Despite claims from the very top, the novel coronavirus hasn’t magically disappeared. The live industry is grounded indefinitely, face masks are the hot fashion tip, and Melburnians are binging on Netflix as though there’s a title to be won.

Welcome to 2020.

It’s not all bad news. In June, at the very peak of the pandemic, the Association of Artist Managers (AAM) and Support Act joined forces on Gimme Shelter, an intervention mental health program tailored for the Australian music industry.

Gimme Shelter

Developed by the AAM and delivered with assistance from Support Act and the federal government, the program will be delivered online for 2020 and 2021 for managers and their artists.

Gimme Shelter, which takes its name from the classic Rolling Stones song from 1969, can train up to 70% of AAM’s membership of more than 300 active artist managers.

In time, the knock-on could benefit more than 800 artists, its creators say.

Fast forward three months, Gimme Shelter is said to be producing tangible results.

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TIO caught up with participants Correne Wilkie and Maggie Collins, and Gimme Shelter organiser Cath Haridy, for a close-in look at those early sessions and outcomes.

aam logo association of artist managers
AAM

Gimme Shelter appears to have come at exactly the right time, with the pandemic yanking artists from their fans and ruining their livelihoods. Is there any empirical evidence to support this idea that musicians have struggled with their mental health in recent months?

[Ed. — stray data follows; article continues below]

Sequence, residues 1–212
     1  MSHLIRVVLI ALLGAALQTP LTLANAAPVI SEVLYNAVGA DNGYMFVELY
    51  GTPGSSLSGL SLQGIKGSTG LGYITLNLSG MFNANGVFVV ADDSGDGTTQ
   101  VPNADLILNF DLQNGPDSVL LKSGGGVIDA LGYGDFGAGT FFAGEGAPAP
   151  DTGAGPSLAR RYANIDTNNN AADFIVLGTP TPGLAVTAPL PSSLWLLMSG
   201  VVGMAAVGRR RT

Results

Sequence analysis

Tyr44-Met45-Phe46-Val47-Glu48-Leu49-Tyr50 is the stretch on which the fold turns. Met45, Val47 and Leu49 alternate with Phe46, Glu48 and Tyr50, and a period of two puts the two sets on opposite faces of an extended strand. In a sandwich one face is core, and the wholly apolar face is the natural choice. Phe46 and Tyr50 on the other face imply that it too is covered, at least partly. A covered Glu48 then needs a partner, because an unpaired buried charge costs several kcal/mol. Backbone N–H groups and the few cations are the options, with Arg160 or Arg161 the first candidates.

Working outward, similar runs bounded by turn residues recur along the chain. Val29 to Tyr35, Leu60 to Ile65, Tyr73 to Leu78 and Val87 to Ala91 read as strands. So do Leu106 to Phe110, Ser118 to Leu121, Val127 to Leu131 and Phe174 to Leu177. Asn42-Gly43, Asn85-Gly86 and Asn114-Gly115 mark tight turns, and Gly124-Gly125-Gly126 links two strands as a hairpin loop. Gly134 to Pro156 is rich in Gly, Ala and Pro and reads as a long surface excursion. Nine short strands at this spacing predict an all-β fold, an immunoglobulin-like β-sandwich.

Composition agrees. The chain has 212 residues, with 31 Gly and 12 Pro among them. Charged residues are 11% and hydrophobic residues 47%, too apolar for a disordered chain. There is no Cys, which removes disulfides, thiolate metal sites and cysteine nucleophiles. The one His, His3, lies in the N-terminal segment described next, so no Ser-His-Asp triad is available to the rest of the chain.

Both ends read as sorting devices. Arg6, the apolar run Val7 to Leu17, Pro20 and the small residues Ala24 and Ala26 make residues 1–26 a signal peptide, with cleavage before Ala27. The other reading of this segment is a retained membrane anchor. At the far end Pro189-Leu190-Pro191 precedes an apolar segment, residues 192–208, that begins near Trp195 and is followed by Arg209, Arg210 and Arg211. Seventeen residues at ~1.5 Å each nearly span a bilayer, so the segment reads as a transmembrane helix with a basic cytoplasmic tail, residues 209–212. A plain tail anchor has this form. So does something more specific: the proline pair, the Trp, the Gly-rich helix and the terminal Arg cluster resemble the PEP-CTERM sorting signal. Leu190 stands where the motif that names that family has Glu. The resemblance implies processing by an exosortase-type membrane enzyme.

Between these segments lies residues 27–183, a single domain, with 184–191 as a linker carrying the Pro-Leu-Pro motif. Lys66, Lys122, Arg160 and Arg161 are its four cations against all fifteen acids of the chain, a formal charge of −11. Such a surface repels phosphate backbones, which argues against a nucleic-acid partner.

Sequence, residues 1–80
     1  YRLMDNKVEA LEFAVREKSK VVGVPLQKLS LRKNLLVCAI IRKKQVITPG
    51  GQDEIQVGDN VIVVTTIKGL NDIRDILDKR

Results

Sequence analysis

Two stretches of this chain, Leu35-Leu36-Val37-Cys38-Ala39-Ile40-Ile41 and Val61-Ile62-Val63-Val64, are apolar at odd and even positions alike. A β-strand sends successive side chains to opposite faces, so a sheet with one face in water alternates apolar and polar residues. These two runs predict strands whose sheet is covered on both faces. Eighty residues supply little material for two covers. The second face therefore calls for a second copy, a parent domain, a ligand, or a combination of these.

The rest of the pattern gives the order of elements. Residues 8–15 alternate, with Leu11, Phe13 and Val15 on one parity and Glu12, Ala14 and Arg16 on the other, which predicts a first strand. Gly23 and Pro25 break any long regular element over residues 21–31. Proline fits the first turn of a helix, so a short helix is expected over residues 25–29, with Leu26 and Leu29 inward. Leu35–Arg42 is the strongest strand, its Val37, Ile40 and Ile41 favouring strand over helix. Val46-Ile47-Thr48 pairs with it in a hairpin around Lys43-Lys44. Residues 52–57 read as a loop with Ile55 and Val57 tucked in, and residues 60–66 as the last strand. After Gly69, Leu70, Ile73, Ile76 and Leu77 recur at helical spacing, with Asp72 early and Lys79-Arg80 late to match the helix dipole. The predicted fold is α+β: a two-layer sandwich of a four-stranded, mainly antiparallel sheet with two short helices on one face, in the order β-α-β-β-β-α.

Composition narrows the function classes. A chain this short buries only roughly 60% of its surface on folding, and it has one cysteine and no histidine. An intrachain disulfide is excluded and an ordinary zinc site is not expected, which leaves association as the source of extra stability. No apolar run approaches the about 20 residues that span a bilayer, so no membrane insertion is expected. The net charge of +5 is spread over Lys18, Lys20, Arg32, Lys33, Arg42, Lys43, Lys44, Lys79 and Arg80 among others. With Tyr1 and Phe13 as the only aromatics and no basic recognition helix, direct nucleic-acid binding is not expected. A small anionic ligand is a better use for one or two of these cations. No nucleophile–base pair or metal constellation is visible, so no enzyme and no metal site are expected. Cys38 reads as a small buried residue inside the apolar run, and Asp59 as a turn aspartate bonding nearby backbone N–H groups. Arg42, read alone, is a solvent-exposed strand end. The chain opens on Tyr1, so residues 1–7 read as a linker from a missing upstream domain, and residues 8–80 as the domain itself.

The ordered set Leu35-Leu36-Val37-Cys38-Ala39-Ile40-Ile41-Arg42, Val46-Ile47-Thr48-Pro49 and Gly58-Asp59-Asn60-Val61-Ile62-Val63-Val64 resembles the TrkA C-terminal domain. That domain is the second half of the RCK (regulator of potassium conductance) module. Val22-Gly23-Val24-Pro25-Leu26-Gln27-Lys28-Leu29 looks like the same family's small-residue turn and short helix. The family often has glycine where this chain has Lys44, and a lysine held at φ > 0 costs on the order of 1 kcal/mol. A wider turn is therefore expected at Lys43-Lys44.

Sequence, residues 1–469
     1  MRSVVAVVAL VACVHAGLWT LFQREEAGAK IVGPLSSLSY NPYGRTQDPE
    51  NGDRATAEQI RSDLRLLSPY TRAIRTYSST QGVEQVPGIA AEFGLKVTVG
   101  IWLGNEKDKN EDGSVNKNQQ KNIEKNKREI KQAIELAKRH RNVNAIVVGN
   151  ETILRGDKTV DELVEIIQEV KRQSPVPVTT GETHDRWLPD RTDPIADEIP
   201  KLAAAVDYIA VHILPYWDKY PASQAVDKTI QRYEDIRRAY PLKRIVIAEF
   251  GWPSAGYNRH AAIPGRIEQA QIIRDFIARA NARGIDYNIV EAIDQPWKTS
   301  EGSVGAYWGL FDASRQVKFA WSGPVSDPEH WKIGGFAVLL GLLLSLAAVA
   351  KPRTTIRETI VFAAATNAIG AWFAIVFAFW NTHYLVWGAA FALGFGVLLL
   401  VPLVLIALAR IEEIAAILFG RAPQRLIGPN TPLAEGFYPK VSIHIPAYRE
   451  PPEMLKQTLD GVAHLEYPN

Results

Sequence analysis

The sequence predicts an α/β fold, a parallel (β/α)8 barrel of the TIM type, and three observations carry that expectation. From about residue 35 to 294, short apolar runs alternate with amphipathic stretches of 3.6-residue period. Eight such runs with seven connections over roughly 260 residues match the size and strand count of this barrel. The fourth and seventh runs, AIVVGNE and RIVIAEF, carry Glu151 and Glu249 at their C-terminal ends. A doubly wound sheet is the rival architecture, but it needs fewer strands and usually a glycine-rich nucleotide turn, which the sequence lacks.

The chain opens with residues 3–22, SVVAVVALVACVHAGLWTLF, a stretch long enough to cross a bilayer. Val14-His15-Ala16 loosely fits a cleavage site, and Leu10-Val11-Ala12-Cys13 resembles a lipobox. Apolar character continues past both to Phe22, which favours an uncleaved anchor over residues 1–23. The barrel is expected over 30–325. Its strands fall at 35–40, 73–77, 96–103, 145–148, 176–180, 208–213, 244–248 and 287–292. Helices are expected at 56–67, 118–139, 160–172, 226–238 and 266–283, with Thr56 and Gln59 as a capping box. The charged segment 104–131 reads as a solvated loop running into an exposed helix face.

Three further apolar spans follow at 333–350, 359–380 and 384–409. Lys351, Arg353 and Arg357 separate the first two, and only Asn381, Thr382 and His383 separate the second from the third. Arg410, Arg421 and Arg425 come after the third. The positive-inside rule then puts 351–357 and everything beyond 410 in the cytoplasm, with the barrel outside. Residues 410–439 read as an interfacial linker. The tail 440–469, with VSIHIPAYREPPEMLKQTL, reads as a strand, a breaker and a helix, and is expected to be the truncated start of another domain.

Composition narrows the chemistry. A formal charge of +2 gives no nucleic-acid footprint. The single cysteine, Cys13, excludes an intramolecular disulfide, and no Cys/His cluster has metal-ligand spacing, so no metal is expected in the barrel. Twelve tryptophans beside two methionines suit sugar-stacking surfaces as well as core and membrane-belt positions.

Cath Haridy, AAM Executive Director and Gimme Shelter organiser: There are a lot of very real and very open struggles going on for both artists, their managers and many others in our music community right now.

If we consider that before the pandemic hit there were some very concerning statistics around mental health and addiction issues for creatives, we have to consider that now, with the material and psychological disruptions that we are all experiencing, there are going to be some serious repercussions for the most vulnerable in our community and we’ve already seen some tragic and deeply saddening outcomes as a result of this.

catherine haridy management press shot
Catherine Haridy

It’s a challenging time for artists, but few people outside the music community ever consider the strain on artist managers. Let’s face it, managers are often the forgotten people of the music industry, but right now your community is enduring the toughest of times. What’s the reality of life as an artist manager during the pandemic?

Correne Wilkie, Director of Maven and Muse: While a lot of people I know in other industries have been able to take ‘leave’ during this period, or put their businesses into hibernation, we have had to work flat out; first and foremost to rescue crumbling tours and financial realities, and secondly to ensure we have the right strategies and thinking in place for ‘beyond COVID’.